Jure Leskovec


He is an associate professor of Computer Science at Stanford University where I am a member of the InfoLab and the AI lab. I joined the department in September 2009.

He is also an investigator at Chan Zuckerberg Biohub, where I focus on developing new methods for analysis of biomedical data.

His general research area is applied machine learning and data science for large interconnected systems. Focuses on modeling complex, richly-labeled relational structures, graphs, and networks for systems at all scales, from interactions of proteins in a cell to interactions between humans in a society. Applications include commonsense reasoning, recommender systems, computational social science, and computational biology with an emphasis on drug discovery.

His research has won several awards including a Lagrange Prize, Microsoft Research Faculty Fellowship, the Alfred P. Sloan Fellowship, and numerous best paper and test of time awards. It has also been featured in popular press outlets such as the New York Times and the Wall Street Journal. I received my bachelor's degree in computer science from University of Ljubljana, Slovenia, PhD in machine learning from Carnegie Mellon University and postdoctoral training at Cornell University.


  • Graph structure of Neural Networks

    02-10-2022 - 17:15-18:00

    Neural networks are often represented as graphs of connections between neurons. However, despite their wide use, there is currently little understanding of the relationship between the graph structure of the neural network and its predictive performance. In this talk we systematically investigate how does the graph structure of neural networks affect their predictive performance. To this end, we develop a novel graph-based representation of neural networks called relational graph, where layers of neural network computation correspond to rounds of message exchange along the graph structure. Using this representation we show that: (1) a "sweet spot" of relational graphs leads to neural networks with significantly improved predictive performance; (2) neural network's performance is approximately a smooth function of the clustering coefficient and average path length of its relational graph; (3) our findings are consistent across many different tasks and datasets; (4) the sweet spot can be identified efficiently; (5) top-performing neural networks have graph structure surprisingly similar to those of real biological neural networks. Our work opens new directions for the design of neural architectures and the understanding on neural networks in general.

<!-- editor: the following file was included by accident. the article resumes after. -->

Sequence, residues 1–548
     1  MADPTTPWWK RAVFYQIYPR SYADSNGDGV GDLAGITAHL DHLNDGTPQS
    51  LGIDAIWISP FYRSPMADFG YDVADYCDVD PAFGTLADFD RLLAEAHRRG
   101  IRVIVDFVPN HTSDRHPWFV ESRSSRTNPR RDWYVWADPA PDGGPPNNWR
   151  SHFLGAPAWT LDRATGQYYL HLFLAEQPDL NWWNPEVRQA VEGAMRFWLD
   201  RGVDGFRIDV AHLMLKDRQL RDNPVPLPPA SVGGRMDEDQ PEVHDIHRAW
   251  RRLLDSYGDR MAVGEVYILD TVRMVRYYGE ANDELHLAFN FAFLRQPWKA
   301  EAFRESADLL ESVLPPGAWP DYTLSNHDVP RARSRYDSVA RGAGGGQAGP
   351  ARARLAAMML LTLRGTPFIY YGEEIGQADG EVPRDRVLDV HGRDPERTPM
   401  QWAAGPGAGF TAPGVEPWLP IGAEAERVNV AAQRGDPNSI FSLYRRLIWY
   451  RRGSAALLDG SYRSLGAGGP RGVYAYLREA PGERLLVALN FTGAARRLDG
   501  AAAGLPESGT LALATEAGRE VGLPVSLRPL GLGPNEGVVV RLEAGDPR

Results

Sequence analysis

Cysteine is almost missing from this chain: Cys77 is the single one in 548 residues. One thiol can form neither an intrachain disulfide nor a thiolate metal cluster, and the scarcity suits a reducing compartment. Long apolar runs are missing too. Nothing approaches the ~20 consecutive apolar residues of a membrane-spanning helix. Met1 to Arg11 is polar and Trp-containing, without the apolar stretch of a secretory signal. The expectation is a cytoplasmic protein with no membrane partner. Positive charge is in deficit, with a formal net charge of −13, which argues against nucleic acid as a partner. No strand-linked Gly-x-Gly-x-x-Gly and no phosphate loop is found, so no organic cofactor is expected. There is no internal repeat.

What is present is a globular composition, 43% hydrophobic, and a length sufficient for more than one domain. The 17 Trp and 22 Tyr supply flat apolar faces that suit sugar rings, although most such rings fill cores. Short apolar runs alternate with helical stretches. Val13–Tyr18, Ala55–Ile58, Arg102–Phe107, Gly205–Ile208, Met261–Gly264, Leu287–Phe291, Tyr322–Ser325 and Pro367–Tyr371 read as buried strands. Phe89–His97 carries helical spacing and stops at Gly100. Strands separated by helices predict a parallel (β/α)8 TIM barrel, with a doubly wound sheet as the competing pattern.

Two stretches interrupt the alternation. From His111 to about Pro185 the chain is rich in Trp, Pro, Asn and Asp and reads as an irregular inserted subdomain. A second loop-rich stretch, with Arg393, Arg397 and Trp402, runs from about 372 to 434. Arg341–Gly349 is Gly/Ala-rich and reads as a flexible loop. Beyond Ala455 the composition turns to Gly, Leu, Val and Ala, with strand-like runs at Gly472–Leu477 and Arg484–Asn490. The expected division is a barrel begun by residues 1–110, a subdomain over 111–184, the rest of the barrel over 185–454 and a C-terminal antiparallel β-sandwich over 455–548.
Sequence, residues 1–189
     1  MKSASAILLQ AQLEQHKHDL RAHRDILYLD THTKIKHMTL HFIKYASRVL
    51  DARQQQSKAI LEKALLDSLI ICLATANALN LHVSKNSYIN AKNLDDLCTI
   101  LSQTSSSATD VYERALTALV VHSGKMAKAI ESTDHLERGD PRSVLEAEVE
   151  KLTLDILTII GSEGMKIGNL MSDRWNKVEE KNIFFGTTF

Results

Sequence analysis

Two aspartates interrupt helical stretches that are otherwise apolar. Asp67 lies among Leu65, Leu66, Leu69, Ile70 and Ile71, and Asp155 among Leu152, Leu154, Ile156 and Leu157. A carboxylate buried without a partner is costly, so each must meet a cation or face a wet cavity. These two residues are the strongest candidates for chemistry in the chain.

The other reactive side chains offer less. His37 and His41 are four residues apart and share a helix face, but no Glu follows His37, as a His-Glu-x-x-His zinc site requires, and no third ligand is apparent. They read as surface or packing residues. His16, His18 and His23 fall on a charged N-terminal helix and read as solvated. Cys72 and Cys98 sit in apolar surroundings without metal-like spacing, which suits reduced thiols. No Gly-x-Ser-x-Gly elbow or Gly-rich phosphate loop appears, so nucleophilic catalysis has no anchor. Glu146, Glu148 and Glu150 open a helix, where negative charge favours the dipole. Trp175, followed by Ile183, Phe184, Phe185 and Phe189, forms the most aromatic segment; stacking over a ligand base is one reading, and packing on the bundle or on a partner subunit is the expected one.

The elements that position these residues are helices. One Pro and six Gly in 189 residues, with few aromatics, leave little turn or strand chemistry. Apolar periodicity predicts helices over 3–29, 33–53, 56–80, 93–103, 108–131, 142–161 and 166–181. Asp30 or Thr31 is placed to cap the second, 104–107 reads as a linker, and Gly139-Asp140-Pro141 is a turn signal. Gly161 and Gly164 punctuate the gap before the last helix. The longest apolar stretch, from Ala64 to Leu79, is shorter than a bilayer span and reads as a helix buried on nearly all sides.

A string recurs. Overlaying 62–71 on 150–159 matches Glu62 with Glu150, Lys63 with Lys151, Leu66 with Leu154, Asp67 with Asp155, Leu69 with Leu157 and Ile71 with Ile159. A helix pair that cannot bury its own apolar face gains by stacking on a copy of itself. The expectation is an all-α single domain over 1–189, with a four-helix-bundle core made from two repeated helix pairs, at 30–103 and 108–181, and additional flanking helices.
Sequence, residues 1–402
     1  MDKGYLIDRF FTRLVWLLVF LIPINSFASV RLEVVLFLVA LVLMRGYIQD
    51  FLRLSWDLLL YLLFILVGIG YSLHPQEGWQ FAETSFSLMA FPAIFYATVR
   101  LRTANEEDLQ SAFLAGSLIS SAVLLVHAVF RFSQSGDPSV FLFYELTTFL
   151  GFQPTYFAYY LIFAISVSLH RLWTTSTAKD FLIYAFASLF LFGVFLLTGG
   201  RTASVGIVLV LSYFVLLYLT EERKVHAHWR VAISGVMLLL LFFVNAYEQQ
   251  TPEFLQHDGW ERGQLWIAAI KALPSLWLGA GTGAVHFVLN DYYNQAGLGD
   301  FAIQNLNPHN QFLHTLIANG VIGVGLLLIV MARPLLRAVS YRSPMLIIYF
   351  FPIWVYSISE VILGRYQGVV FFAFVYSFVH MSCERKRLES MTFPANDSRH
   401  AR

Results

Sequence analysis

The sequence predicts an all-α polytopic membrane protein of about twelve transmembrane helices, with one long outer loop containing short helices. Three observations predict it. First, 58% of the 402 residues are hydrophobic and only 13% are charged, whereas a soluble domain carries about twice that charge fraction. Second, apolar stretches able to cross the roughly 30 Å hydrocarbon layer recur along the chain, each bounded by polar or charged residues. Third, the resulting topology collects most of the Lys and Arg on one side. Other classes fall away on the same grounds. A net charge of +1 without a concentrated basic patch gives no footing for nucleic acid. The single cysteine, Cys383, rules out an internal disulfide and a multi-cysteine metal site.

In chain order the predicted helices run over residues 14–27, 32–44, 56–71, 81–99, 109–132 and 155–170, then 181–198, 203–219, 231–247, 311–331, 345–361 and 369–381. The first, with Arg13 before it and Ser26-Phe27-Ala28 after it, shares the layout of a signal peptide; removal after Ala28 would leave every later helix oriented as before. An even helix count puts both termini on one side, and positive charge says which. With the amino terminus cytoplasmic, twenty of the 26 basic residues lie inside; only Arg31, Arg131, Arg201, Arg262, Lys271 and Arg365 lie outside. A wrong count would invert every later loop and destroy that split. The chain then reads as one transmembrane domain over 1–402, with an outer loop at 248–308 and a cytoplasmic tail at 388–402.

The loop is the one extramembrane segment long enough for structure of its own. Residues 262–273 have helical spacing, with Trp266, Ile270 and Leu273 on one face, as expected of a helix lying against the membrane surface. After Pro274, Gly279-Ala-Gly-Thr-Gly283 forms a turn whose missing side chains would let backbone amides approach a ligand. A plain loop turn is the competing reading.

Jure Leskovec